Background and objectives: Therapist-led behavioral parent training is a well-established treatment for behavior problems in children with attention-deficit/hyperactivity disorder (ADHD). However, parental attrition is high; self-directed forms of parent training may be a promising alternative. To date, no studies have compared these two forms of parent training in referred children with ADHD. The objectives of this pilot study were to examine the non-inferiority of a blended parent training (i.e. online program + supportive therapist contact) in comparison to its therapist-led equivalent (i.e. face-to-face parent training) regarding effects on behavioral problems, and to compare attrition rates, parental satisfaction, and therapist-time between both treatments.
Methods: 21 school-aged children with ADHD and behavioral problems, who had been referred to an outpatient mental health clinic, were randomized to blended (n = 11) or face-to-face (n = 10) parent training. Behavior problems were measured with the Child Behavior Checklist. Treatment completers and dropouts were included in the analyses.
Results and conclusions: Blended parent training was not found to be non-inferior to face-to-face parent training in the reduction of behavior problems. Parents in the blended condition dropped out of treatment significantly earlier than parents in the face-to-face condition and were less satisfied. Therapists in the blended condition spent significantly less time on parent training than therapists in the face-to-face condition.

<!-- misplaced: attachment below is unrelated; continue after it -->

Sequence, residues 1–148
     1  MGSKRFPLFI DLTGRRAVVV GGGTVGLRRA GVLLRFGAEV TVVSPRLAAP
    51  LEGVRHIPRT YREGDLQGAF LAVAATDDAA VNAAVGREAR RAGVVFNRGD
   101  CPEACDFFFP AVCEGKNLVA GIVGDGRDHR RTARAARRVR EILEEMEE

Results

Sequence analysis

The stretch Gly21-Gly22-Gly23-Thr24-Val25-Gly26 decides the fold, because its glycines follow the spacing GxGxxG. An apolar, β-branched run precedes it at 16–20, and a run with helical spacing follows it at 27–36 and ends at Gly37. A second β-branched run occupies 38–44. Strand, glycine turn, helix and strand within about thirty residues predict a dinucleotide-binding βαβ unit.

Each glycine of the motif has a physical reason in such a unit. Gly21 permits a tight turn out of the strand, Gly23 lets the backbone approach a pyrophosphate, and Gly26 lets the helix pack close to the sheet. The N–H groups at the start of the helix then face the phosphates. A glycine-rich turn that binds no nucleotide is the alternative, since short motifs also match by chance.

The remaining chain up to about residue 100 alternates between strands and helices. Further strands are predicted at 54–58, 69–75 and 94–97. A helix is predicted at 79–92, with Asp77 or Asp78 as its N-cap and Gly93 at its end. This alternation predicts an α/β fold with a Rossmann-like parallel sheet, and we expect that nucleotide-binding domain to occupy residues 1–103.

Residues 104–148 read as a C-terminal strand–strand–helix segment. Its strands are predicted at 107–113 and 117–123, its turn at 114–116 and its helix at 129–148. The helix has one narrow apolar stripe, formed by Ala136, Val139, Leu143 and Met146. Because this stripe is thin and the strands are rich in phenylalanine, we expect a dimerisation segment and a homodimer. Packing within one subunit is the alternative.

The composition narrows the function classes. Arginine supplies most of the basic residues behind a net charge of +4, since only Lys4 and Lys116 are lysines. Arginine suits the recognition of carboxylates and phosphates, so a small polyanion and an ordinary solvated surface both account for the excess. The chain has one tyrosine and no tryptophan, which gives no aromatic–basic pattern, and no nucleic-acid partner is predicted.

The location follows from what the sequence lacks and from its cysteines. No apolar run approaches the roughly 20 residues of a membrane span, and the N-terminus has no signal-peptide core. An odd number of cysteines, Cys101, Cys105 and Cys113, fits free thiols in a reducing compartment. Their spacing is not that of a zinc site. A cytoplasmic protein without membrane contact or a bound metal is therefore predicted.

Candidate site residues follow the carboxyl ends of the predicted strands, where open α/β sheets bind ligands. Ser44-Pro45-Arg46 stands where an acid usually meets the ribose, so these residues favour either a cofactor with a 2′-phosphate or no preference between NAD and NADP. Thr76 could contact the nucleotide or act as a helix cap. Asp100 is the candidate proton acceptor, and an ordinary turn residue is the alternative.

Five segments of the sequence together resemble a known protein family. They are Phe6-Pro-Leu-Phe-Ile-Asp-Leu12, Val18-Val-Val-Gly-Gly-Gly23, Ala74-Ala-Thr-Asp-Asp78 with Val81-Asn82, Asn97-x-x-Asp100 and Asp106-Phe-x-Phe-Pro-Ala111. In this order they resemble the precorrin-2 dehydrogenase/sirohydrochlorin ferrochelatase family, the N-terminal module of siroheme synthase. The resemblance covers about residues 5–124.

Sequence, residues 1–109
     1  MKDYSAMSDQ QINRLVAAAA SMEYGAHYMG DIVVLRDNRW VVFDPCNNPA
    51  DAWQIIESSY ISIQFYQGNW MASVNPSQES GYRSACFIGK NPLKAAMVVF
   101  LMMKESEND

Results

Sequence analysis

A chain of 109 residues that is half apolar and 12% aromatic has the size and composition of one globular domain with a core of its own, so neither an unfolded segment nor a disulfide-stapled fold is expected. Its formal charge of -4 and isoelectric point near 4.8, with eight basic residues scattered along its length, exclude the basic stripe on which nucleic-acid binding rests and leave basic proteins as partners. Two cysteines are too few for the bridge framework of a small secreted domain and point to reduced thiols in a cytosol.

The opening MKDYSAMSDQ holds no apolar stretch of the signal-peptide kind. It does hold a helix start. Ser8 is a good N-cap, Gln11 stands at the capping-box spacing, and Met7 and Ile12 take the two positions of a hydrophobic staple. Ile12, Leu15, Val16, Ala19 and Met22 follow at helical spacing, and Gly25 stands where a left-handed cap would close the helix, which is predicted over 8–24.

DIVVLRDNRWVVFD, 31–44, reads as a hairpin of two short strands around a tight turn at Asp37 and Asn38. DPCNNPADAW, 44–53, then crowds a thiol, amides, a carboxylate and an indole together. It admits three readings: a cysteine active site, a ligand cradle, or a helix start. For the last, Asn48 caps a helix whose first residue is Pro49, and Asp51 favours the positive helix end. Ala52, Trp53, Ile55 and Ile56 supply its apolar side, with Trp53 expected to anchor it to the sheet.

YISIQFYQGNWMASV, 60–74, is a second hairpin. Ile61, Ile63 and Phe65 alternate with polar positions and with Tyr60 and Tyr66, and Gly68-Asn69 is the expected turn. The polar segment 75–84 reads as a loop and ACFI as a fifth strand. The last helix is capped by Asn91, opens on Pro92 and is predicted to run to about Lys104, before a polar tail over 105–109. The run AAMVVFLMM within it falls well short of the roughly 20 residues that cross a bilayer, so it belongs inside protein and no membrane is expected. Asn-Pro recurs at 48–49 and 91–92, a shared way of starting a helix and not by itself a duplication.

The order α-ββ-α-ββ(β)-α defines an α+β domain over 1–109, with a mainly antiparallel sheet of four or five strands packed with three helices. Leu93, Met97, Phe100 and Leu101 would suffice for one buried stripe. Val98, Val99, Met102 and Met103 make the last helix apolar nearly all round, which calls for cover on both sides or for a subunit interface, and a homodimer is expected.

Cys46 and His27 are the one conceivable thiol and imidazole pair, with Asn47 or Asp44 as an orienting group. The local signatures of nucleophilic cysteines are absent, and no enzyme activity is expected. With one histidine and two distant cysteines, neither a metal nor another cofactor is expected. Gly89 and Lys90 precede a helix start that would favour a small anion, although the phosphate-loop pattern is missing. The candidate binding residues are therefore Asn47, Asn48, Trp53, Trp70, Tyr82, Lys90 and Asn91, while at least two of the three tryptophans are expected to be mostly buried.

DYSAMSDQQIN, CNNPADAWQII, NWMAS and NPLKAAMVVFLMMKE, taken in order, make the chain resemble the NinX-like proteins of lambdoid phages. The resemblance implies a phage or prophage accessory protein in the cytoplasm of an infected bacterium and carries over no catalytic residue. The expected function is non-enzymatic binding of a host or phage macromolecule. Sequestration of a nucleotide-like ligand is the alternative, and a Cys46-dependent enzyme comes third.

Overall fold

|Number of pages||9|
|Journal||Internet interventions-The application of information technology in mental and behavioural health|
|Publication status||Published - Dec-2019|
|Event||10th Scientific Meeting of the International-Society-for-Research-on-Internet-Interventions (ISRII) - Auckland, New Zealand|
Duration: 13-Feb-2019 → 15-Feb-2019
- Behavior problems
- TRIPLE P ONLINE
- BEHAVIOR PROBLEMS